Catholic Bishops deserve, “Respect, Obedience and Good Counsel”, not journalistic criticism!

Author with Justin Cardinal Rigali at 175th Anniversary Dinner for Saint Charles Borromeo Seminary, May 2007

The use of Catholic journalism to “Bishop-bash!” is just plainly wrong. For that matter, the use of Catholic journalism in any “bashing” capacity is equally wrong. There are discussions that beg an answer to the question, “Can Catholics publically disagree with their bishops?” Well, my thoughts on the matter are very simply put, Yes; Catholics have the right to disagree with their local Bishops on matters that are not part of the Catholic deposit of faith. When it comes to administrative activities or any activities that pertain to the proper administration of assets of a diocese, there should involve some degree of praise and criticism of the Bishop’s handling of administrative affairs.

The Catholic Church regardless of the perspective one wishes to view maintains and administers not only a spiritual community of Catholic believers, it also has the responsibility of efficiently managing a large infrastructure of facilities to accomplish the spiritual mission of the Church. It seems very clear that the role and responsibility of the Bishop is to be a spiritual leader to the flock with which he is entrusted. However, Church canon law also entrusts the Bishop with the proper disposition of the temporal materials that make up the Church’s other persona, namely a functional and administrative top-heavy conglomerate which includes real estate, properties, staff, vehicles and all of the concerns that go along with secular obligations.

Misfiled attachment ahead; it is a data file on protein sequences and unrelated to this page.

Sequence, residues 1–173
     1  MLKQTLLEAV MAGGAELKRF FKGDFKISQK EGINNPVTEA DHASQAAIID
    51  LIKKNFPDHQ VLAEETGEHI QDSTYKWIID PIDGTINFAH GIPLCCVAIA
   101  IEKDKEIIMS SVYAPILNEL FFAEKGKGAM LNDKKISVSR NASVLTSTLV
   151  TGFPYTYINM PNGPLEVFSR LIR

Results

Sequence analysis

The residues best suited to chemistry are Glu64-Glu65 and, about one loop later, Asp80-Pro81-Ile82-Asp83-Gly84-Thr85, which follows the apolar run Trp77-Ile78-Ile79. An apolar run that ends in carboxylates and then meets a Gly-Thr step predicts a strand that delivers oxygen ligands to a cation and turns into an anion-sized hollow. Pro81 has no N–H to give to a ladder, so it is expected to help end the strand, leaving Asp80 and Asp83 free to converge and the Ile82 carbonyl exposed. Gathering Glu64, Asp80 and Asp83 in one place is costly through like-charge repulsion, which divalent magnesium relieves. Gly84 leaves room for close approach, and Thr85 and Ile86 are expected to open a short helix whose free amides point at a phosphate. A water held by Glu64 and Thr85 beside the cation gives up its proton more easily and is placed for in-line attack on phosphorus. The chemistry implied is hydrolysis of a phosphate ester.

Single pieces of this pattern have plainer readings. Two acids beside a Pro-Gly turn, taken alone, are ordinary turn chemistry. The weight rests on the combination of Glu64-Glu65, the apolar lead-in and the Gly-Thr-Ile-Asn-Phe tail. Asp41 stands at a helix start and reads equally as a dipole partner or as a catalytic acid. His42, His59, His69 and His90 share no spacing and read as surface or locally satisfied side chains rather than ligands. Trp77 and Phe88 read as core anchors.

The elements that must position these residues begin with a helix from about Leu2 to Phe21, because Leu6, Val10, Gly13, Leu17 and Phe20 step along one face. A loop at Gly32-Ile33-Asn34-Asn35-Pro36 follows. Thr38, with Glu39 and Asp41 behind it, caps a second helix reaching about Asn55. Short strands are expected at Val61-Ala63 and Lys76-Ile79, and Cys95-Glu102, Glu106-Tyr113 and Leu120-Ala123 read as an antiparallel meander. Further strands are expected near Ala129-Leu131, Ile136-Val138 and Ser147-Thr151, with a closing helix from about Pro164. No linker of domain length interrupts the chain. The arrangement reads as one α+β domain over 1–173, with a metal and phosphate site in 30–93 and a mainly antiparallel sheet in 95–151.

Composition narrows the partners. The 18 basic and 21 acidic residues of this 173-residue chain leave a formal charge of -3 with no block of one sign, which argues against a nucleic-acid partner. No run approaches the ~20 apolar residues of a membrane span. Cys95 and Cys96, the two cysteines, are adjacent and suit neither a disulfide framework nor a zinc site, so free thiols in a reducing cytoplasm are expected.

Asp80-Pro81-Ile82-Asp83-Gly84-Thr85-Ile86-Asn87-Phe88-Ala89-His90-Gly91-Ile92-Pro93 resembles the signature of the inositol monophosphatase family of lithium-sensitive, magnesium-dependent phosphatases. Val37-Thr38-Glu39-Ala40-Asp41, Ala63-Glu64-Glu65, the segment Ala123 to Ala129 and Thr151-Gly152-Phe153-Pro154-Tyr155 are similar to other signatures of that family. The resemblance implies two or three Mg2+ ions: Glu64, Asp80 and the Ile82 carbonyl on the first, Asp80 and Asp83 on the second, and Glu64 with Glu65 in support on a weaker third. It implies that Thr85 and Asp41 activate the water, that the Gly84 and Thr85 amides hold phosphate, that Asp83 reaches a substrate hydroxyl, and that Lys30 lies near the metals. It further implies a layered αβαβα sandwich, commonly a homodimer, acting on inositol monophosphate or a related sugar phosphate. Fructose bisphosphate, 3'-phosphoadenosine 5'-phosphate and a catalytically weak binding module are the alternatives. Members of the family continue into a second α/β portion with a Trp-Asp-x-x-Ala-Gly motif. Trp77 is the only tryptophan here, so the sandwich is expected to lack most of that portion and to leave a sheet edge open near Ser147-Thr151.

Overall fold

Frankly, this author believes most of our bishops would gladly abdicate responsibility for all of these things if given the choice of responsibilities. Most bishops with which I am familiar consider administration of temporal responsibilities a burden that is part of the package of being a Catholic bishop. Historically there are quite a few points that have led us into this role of secular administration for the Office of Bishop. Most notably, especially in the United States the difficulties experienced with lay trustees in the 19th century (especially the Hogan Schism, in Philadelphia) prompted the development of juridical safeguards written into the Code of Canon law to protect the temporal assets of the Church. Administration by individuals, especially non-clergy is still a concept that eludes the administrative structure of the Catholic Church, and in light of the litigious settlements against the Church in regards to the clergy sex scandal, this will not likely change in the immediate future.